The fact of the matter is that art conveys a message.  How do you see something new?  differently?  significant?  How do you say something new?  So many photographers don’t even ASK that question and the ones who do are likely as frustrated as I am.  As one amazing photographer I know who is thinking of changing his name to Ben Done has said, it has all been done.  It has Ben Done.  The field of photography is such an ugly and competitive place that I decided to look from within.  I will create something that has meaning to me.  I am certain THAT hasn’t Ben Done.  But how?

So I must pull it all together — the beautiful expressive meaning of an art piece, the hands-dirty satisfaction of ‘painting’, the lyrical feeling of exceptional photography, the technical perfection of digital photography, the shoot-from-the-hip freedom of lomography, the amazing experience I have learned from lessons in life and from traveling as often as I can, the reminders to do better in the future, and the crafty style that represents what I love.  I also want to create art that can be understood by the general viewer.  I find gallery work to be so complex that the meaning of it is lost on the average person aka ME.  Voila, the prb notecards.

Essentially, the prb notecards represent my art journal.  Every photo has a lesson.  Pieced together it begins to paint the puzzle of life.  Step back to view the big picture.  Influenced by everything from the crafty art journals and quirky installments of other artists to the lessons in the memoirs of astonishing people like Randy Pausch or broken-yet-successful people like Augusten Burroughs  to the frank, open reality of the Post Secret postcards, I share some of the hard lessons I have learned through pain and loss, frustration and seperation, emptiness and fear.  All the experiences in my life have taught me something.  The good, the bad, and the ugly.  I don’t believe in coincidences.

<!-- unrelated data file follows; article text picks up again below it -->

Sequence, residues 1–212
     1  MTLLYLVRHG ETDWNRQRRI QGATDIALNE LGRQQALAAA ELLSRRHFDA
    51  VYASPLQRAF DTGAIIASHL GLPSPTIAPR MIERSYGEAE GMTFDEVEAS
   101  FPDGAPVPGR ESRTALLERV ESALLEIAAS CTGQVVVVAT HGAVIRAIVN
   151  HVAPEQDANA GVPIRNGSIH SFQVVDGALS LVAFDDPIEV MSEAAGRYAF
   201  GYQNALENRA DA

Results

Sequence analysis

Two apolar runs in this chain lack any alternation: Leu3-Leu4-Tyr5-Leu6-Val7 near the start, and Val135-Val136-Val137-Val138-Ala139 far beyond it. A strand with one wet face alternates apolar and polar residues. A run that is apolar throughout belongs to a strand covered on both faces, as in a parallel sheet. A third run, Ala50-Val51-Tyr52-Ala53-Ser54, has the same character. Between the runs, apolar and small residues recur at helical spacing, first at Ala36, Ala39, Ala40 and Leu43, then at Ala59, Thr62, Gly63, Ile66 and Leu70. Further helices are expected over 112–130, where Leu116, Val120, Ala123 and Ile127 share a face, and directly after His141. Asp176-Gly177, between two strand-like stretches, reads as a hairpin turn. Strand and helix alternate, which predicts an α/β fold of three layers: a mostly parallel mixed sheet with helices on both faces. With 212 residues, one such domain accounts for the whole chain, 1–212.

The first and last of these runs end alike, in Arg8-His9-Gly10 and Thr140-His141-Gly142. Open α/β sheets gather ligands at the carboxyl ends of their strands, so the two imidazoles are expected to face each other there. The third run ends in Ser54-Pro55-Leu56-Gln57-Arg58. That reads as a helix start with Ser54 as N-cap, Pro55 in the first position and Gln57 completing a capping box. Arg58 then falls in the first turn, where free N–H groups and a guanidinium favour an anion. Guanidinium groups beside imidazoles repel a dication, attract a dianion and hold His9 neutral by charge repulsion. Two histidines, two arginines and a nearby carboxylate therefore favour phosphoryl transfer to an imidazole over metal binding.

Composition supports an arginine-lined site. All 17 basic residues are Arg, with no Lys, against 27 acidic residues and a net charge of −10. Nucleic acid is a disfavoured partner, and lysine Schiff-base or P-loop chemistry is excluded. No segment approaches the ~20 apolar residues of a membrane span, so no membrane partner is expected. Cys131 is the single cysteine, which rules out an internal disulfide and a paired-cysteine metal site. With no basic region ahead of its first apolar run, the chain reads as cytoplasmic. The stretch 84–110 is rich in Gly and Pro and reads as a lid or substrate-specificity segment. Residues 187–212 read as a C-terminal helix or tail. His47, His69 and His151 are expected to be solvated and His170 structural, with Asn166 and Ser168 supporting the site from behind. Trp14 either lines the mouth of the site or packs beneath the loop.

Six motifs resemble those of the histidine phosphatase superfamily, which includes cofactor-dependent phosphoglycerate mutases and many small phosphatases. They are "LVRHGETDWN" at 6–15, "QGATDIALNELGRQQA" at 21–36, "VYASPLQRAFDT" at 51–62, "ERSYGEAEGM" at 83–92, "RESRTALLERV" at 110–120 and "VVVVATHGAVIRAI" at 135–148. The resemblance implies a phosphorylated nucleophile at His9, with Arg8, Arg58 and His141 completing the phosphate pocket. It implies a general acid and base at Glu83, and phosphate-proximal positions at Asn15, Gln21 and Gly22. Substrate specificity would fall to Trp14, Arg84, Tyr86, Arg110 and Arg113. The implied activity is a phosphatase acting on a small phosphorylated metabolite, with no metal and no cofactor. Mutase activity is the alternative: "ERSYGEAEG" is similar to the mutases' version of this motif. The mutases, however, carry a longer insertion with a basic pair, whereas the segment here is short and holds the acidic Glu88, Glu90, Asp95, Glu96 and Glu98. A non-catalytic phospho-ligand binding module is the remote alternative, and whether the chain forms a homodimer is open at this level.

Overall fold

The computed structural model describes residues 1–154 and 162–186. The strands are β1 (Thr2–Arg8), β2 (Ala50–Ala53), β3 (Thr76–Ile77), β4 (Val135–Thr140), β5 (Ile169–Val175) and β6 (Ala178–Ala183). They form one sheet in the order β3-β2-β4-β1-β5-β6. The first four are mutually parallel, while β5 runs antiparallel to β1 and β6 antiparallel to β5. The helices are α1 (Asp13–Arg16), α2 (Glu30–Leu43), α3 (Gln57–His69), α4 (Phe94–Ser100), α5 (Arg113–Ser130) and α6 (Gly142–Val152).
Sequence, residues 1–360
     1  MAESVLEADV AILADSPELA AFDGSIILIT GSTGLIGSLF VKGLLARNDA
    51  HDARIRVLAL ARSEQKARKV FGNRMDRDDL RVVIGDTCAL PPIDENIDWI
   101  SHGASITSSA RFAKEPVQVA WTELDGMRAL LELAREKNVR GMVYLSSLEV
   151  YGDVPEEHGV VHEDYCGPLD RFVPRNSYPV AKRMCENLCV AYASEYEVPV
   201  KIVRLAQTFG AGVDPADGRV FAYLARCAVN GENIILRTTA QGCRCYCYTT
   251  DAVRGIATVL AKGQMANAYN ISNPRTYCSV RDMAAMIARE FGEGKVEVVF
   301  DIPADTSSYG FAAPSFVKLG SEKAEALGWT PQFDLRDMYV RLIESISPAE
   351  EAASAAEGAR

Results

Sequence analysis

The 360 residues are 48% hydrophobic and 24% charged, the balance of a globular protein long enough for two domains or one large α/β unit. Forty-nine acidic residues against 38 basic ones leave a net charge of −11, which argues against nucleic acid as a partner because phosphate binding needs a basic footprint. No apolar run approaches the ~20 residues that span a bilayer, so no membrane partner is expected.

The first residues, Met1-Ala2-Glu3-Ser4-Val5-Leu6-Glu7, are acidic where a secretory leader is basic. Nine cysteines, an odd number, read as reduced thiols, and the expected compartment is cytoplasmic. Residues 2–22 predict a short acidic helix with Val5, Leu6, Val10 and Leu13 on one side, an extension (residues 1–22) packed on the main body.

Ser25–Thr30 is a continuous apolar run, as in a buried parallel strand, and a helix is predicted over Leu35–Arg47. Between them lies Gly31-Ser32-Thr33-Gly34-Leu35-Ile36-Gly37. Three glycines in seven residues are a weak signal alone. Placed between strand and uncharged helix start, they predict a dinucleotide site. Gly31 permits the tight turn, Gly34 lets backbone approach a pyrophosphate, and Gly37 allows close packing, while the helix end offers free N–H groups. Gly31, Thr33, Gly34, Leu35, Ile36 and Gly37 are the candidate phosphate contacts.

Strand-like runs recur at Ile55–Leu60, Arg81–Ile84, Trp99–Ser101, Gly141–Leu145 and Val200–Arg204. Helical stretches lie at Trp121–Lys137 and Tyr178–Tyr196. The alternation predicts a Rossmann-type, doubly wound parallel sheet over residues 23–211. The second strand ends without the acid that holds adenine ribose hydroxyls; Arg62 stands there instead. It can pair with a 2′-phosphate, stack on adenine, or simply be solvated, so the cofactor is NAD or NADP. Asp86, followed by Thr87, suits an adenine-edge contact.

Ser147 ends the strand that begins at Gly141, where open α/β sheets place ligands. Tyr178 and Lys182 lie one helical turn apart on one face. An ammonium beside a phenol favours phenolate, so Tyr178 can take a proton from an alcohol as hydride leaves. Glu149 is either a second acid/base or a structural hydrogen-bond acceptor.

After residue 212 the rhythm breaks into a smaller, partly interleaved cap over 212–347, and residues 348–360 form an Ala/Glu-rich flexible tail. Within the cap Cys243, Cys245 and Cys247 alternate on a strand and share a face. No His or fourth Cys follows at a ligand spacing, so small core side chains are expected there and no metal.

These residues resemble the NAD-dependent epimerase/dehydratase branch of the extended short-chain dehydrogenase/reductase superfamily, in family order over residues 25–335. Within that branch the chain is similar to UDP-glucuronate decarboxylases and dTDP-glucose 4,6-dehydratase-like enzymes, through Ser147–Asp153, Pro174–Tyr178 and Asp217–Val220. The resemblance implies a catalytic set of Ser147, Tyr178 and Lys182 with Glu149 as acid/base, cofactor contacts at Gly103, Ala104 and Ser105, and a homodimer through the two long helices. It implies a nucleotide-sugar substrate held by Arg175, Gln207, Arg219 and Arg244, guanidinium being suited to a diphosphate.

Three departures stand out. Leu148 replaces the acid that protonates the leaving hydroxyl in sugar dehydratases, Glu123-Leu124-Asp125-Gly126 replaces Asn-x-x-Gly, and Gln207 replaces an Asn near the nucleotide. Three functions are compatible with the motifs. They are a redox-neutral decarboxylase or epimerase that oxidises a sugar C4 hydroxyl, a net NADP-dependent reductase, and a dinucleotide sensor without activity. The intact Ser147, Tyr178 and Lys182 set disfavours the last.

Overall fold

So, no, I may never get rich creating my prb notecards, but nothing I have ever worked on has ever given me the pride and satisfaction of presenting the very first ever…  prb notecard installment.


{read the signs}

it is worthwhile to read the signs along the way.  even if you are smiling, you may find you are going the wrong way.


{trust wisely}

trust, but always trust wisely.


cheers to good friends

{break the habit}

sometimes our worst habits are cyclical.  break the habit and conquer the negativity.


{second glance}

upon second glance, things may seem vastly different



some things are fleeting.  some things are not.

never lose sight of that.


{let’s go to Paris}

Let’s go to Paris.  I’m hungry.


ugh.  if only.



{exhilarating fog}

I never thought I would find fog so amazing.  After living in the Central Valley of California where fog was a part of daily life during the winter…  a very tedious part of daily life…  I never thought I would be so excited to wake to fog.  Everything is just so magical….




{float away}

today is the kind of day, weather wise, where you feel like you might just float away up into the vast white sky.  bleh.

Thankfully the forecast for tomorrow includes sun AND warmth.  whew!


{baby Scarlett}

such a gorgeous little girl.  I am so lucky that I could spend this afternoon with such a sweet thing!